Business Week has just published an excellent piece exploring the pros and cons of Amgen’s new drug for osteoporosis. It illustrates how drug-makers—and Wall Street investors—view new products. It also demonstrates why government regulators should begin taking a close look at pricey “me-too” drugs before committing billions of tax-payer dollars to pay for those new products.
An Osteoporosis Blockbuster for Amgen?
Its bone-loss treatment denosumab, which could bring in $2 billion to $3 billion a year, is closer to FDA approval. But not all experts are sold on it
Wall Street has set an exceptionally high bar for Amgen (AMGN)'s new bone-loss treatment. Shares of the world's largest biotechnology company have jumped 27% in the past three months, to 60, largely on news of clinical trials that showed the drug is as at least as effective, and sometimes better, than standard osteoporosis treatments when it comes to preventing and treating dangerous fractures. On Aug. 13, an advisory board of the U.S. Food & Drug Administration is expected to recommend that the agency approve the drug, known as denosumab, in October.
Bone loss is a huge and growing medical problem: . . . Amgen has requested that the FDA approve denosumab not only for treating osteoporosis but also for preventing it in post-menopausal women and some cancer patients. If the agency concurs, the drug could bring in $2 billion to $3 billion a year, analysts predict.
At a time when the country is focused on reforming health care, however, some health experts are asking an important question: Can the U.S. afford to shield the bones of millions of aging baby boomers? On Aug. 11, the New England Journal of Medicine published a critical editorial penned by Mayo Clinic professor of medicine Dr. Sundeep Khosla. He isn't convinced Amgen's drug is that much better than older, affordable alternatives, such as Merck (MRK)'s Fosamax, now available as a generic for as little as $100 a year. Amgen won't reveal its pricing plans yet, but analysts are assuming that because denosumab is a biologic drug, it will cost significantly more than the $2,000-a-year price tag on Fosamax's most expensive rivals. "If there's only a marginal difference, you really need a reason not to use those older drugs," says Khosla, who neither participated in the Amgen trials nor has financial relationships with companies that market rival treatments.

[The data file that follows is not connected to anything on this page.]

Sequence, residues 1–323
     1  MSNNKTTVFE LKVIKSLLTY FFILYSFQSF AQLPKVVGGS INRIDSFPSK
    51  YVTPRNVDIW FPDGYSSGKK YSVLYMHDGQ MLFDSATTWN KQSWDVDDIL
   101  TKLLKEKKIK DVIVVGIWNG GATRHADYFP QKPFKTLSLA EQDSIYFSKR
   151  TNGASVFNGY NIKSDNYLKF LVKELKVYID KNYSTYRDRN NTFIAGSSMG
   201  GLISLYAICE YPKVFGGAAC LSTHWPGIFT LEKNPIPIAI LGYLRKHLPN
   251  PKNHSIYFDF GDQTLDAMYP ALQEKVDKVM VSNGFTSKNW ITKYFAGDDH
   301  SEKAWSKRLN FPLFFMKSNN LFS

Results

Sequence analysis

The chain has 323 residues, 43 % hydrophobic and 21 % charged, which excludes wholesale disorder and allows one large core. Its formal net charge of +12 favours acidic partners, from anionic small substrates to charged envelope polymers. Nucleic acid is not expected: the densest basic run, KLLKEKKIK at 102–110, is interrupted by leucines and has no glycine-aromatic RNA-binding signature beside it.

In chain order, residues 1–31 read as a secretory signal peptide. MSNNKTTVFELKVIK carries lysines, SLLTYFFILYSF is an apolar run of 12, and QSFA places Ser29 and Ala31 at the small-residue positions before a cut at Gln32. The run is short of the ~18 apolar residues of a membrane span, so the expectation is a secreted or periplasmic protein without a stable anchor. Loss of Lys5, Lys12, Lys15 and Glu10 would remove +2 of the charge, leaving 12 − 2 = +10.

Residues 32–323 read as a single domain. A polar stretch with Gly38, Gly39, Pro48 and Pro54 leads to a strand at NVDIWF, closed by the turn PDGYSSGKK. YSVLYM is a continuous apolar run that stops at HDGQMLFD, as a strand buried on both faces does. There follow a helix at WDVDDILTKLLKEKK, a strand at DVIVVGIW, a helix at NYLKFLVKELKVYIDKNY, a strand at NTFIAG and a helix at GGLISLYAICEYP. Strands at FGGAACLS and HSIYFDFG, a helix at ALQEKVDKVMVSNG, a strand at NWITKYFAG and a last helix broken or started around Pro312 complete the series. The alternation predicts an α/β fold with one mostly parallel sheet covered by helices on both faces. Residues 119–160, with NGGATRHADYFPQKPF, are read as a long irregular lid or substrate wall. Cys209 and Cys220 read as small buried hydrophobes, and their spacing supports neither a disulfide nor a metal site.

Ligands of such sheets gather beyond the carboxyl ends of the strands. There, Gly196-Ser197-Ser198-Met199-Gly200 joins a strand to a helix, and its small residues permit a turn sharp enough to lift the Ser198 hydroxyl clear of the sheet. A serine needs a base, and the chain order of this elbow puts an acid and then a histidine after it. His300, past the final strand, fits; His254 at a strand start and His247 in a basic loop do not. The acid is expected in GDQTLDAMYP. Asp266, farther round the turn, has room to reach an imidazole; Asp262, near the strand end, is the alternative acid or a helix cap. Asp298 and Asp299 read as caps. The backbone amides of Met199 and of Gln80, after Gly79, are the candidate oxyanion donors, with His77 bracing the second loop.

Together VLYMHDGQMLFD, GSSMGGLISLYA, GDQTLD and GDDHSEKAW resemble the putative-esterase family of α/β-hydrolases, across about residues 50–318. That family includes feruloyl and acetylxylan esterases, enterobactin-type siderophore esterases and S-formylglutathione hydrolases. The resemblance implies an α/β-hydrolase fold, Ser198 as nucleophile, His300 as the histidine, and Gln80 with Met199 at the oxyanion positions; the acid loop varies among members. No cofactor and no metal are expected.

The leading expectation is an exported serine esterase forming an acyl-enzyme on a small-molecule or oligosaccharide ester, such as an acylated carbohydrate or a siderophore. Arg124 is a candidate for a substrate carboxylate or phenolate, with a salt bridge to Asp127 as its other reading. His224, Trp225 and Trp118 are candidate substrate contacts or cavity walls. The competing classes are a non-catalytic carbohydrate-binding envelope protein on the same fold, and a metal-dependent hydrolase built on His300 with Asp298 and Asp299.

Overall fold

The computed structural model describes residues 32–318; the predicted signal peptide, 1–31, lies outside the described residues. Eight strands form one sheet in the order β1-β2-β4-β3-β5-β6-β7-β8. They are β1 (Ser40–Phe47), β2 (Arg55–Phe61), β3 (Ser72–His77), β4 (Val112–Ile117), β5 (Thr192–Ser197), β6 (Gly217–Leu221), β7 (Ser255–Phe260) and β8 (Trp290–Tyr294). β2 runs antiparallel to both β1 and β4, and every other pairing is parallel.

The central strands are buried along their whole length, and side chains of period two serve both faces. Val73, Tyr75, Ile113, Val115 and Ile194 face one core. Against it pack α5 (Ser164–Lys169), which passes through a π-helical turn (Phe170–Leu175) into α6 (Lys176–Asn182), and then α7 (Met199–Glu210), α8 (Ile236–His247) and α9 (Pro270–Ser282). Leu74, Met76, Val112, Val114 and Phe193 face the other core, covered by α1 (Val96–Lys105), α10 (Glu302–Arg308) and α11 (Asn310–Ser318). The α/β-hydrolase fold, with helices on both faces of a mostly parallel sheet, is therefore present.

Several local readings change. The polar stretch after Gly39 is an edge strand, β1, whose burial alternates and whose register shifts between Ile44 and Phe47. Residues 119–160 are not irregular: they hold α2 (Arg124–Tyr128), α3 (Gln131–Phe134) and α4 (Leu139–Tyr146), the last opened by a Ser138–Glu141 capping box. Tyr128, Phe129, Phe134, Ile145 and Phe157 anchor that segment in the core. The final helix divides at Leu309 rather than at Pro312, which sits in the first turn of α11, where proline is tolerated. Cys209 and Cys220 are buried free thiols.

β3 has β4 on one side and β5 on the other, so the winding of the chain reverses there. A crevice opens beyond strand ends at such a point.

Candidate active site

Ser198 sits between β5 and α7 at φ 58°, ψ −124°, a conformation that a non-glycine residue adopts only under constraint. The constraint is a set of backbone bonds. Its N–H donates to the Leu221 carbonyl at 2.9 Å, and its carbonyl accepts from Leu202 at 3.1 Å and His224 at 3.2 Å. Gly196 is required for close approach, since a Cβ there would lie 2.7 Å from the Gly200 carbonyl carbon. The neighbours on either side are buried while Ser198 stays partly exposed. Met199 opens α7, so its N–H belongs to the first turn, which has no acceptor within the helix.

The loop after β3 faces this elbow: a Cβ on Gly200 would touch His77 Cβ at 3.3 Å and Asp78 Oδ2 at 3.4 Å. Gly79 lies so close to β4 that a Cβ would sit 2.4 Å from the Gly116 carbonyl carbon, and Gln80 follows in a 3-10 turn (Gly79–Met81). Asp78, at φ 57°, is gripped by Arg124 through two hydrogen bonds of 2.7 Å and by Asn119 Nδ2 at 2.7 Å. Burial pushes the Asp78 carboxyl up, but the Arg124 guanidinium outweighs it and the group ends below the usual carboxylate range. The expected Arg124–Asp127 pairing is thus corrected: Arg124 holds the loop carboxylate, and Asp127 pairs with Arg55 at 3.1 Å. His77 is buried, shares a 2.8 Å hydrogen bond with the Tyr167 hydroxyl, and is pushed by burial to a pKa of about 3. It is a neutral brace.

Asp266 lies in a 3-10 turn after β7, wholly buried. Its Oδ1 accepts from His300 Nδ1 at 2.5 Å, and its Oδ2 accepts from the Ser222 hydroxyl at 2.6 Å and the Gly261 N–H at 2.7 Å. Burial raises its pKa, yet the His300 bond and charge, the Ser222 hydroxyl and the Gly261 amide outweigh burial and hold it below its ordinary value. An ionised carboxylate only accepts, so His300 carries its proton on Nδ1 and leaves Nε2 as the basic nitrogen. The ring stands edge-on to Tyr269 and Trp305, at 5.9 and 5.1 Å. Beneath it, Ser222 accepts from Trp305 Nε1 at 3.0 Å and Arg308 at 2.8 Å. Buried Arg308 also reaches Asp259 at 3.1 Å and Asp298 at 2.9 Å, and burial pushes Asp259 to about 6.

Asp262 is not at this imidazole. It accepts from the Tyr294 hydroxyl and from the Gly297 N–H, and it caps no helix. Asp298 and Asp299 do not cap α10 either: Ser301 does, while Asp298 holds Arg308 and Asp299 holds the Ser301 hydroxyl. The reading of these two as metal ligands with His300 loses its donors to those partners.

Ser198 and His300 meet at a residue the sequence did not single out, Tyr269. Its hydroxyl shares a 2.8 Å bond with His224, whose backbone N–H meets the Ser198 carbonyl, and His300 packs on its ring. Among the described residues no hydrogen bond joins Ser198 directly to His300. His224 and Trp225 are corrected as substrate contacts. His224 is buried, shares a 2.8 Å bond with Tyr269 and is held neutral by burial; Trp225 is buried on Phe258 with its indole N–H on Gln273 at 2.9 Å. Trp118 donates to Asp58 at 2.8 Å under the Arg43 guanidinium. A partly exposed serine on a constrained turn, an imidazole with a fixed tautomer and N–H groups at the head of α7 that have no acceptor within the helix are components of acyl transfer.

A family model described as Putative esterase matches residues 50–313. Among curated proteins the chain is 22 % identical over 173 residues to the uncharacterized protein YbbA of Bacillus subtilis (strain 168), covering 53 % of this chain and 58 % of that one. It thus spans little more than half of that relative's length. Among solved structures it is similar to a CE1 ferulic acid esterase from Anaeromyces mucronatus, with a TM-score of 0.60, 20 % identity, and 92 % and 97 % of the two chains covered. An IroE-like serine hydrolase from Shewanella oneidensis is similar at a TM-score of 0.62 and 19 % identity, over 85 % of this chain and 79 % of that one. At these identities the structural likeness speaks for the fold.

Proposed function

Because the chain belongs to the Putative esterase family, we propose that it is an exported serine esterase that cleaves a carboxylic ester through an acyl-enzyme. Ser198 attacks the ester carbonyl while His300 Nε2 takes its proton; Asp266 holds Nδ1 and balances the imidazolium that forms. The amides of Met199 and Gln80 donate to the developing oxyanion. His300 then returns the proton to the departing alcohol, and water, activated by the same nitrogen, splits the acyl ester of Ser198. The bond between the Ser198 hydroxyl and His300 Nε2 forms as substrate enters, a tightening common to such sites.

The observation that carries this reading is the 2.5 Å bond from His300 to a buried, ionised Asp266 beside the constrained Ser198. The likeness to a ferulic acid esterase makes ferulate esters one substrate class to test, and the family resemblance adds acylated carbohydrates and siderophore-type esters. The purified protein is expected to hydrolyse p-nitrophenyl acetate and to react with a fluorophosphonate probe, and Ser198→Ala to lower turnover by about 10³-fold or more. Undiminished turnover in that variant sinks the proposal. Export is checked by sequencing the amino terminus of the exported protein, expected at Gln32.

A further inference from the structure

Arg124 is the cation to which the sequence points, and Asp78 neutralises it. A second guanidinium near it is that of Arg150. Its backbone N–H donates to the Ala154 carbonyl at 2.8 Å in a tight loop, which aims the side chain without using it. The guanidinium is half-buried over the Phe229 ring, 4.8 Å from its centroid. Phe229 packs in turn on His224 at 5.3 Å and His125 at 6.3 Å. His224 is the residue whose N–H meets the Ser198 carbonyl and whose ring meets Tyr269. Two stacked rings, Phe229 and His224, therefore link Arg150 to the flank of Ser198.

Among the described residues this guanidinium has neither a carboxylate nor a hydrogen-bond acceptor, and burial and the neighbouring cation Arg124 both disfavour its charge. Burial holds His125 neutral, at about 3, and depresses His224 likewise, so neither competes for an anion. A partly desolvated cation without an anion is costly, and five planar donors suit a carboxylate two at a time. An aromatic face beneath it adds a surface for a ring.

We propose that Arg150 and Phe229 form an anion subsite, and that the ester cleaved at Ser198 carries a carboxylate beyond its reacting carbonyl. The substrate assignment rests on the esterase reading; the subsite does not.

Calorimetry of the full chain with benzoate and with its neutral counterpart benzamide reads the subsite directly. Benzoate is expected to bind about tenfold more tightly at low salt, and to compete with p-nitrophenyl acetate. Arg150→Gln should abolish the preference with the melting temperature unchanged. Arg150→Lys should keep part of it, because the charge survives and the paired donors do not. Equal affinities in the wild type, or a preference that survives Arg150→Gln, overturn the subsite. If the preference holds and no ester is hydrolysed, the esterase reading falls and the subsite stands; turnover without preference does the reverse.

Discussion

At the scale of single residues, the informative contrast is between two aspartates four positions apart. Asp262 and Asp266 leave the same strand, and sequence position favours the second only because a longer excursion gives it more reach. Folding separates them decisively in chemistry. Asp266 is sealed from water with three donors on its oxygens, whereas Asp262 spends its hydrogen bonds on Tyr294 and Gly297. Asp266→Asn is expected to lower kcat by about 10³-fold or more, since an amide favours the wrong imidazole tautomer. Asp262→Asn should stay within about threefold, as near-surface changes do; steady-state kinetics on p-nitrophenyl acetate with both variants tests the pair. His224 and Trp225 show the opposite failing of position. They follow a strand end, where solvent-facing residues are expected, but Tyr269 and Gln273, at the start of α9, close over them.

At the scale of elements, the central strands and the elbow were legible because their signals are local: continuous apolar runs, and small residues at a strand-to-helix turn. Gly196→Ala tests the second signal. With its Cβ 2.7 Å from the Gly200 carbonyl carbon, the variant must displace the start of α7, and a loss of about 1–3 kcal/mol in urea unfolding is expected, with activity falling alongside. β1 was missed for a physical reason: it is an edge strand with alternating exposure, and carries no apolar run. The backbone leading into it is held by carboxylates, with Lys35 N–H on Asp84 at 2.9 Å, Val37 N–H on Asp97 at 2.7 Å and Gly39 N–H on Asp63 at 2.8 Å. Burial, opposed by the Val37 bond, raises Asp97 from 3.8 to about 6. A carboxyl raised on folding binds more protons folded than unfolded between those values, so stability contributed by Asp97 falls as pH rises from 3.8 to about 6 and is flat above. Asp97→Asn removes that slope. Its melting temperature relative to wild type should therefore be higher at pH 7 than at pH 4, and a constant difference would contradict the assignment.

Reducing the Hassle Factor
In two denosumab studies, the results of which also were published in the NEJM on Aug. 11, the drug performed admirably against a placebo. In post-menopausal women with osteoporosis, it decreased the risk of hip fractures by 40% and spine fractures by 68%. Men with prostate cancer who were on a treatment that can cause bone loss experienced a 62% lower risk of spine fractures. But Amgen has done just a handful of trials comparing denosumab to currently marketed bone-loss drugs. And in osteoporosis, those trials only measured bone density—not fracture risk. That worries some physicians. "I have 14 years of experience with Fosamax, so when something new enters the field, I need to know: Does it work better?" says Dr. Harold Rosen, director of the osteoporosis prevention and treatment center of Beth Israel Deaconess Medical Center in Boston.
Amgen executives are confident they can market denosumab based on its ability to reduce "the hassle factor," said Dr. Roger Perlmutter, Amgen's executive vice-president for research and development, in a June interview. Unlike Fosamax, which is a daily or weekly pill—or other drugs that require intravenous infusions—denosumab is a twice-yearly injection that's as easy to administer as a flu shot, Perlmutter says. Side effects sometimes seen in the older drugs, such as stomach problems and jawbone deterioration, seem rare with denosumab. As for the potential price, he says, "We don't intend to be exploitative. We want the value proposition to be clear."
The biotech company's ability to communicate that value proposition could be complicated by the FDA, which is likely to zero in on side effects. Denosumab is an antibody that attacks bone loss in a completely new way—by blocking a protein that normally stimulates bone-destroying cells. The long-term implications of interfering with that pathway are not yet clear, but some patients in the studies suffered serious skin infections, and others came down with cataracts. If the FDA requires physicians to monitor patients closely and report side effects, that could discourage widespread prescribing of denosumab.
All told, denosumab may prove to be the biggest marketing challenge the 29-year-old biotech has ever faced. The market for osteoporosis drugs is about $5 billion a year, estimates Lazard analyst Joel Sendek, but it's shrinking as insurers push patients to switch to generic Fosamax. That has sparked a marketing war: In 2008, Roche (RO) spent $92 million advertising its osteoporosis drug Boniva, with spots featuring actress Sally Field, according to TNS Media Intelligence. Novartis spent $53 million pitching its rival drug Reclast. "Amgen is going to have to convince patients, doctors, and third-party payers that this is a good drug to have in the armamentarium," Sendek says. "It won't happen overnight, especially in a cost-constrained market."
First, notice that from Wall Street’s point of view, this is a story about a stock, rather than a story about a drug. The stock has spiraled 27 percent in just three months on hopes that Amgen will be approved by the FDA.
That’s the lead—how much the stock has climbed, and how much money investors might make—not how much good denosumab might or might not do for patients. Indeed, in the very first paragraph, the reporter makes it clear that this exciting new drug is only “ as effective, and sometimes better” than existing treatments. What makes the new product exciting is that, if it’s approved, the company stands to make a handsome profit, because denosumab will be very, very expensive.